“We'll Meet Again”
As with any considered analysis, it’s seems valuable to first acknowledge the position of the field one aims to give insight into. The same is also true when evaluating how effective a company’s piece of brand film might be when taken against the societal and economic backdrop in which it operates. In other words, what message are they trying to express, and why now?
It’s no great secret that it has been somewhat of difficult time of late for businesses associated with, and dependant on, rail travel in the U.K. Aside from the apparently now shrinking shadow of a pandemic past, these difficulties come from a myriad of reasons that we need not revisit here. Relevant for us, however, is that it is often during such periods that a company can either flounder or flourish when expressing its core values. For Network Rail, the latter is certainly the case here.
A journey is in many ways like a good story told, and this 3-minutes-plus offering sees Network Rail vividly recapture our collective memory of a time where British rail was vital in securing advantages of supply, personal safety, and military cohesion during WW2. This docu-style, single cam piece intersperses archive footage with historian testimony against an orchestral soundscape indicative of dramatic edge. Emotive diary readings of those dependent on the service in the most difficult of times compliment these additions, resonating deeply with how important a piece of our national identity this infrastructure was, and remains. A particular highlight is the filmmaker’s technique of masking out foregrounds from backgrounds of 2-dimensional photographs then tracking them across the screen, giving an eerily fluid and filmic quality.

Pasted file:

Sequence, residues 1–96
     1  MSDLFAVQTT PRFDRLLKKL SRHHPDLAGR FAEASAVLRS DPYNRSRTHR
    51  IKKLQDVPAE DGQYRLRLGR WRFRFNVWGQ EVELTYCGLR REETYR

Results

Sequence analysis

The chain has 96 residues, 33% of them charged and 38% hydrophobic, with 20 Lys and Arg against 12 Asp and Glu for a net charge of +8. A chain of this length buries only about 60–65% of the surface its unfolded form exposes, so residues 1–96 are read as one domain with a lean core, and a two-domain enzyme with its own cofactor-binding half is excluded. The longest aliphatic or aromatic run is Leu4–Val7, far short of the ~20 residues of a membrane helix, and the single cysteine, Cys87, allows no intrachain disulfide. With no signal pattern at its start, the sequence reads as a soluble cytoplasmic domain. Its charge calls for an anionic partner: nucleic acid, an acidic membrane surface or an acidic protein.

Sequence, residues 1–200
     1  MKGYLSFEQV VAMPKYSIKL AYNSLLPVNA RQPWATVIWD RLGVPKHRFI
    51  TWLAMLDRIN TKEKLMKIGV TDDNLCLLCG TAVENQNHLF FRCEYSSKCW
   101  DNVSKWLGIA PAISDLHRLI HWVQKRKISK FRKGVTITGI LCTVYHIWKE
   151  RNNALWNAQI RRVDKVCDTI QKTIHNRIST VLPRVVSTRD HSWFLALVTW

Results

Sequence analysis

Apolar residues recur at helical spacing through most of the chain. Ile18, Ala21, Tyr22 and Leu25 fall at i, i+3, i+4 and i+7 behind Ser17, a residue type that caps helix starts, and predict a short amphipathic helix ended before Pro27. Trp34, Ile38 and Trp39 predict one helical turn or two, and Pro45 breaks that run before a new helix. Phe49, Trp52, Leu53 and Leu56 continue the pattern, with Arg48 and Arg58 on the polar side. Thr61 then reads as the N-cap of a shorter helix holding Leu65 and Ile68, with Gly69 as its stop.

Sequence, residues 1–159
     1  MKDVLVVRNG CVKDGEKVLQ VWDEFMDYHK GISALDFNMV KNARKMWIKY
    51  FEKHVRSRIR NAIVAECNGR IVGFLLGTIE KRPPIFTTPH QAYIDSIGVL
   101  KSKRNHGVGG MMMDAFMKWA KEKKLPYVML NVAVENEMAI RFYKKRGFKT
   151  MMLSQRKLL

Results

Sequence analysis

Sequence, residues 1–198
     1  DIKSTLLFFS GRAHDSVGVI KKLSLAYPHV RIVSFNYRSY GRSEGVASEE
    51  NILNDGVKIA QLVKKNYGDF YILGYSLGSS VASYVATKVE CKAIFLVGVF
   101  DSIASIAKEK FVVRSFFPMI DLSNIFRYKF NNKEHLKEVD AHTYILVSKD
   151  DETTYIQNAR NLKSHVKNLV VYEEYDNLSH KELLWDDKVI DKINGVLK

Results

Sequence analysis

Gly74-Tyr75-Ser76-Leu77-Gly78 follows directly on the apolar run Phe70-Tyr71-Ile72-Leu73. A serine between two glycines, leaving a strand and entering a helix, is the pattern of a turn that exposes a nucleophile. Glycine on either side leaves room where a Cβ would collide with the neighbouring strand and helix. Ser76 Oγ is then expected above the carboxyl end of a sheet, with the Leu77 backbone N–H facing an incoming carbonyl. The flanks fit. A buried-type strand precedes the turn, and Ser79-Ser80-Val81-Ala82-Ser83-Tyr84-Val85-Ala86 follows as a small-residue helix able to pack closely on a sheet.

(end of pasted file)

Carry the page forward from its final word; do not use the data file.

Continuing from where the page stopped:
Much of the same track that customers travel on today follow the same course as those children evacuated from cities during the blitz, while vast sections of line were commandeered to transport men and munitions to staging areas. The purpose of relaying such events to audiences is two-fold: first, a reminder of the inherent power in remaining connected. Second, that nostalgia for past success is a powerful tool in reinforcing society’s collective benefit. This piece constructively pressures audiences to ruminate on the price we would be willing to pay to secure our emotional and physical connectivity.
The Railway At War is a compelling snapshot into the bygone days of a British organ of infrastructure, nimbly asking questions of where we would be without it, as we look ahead to where we’re going. A truly moving history.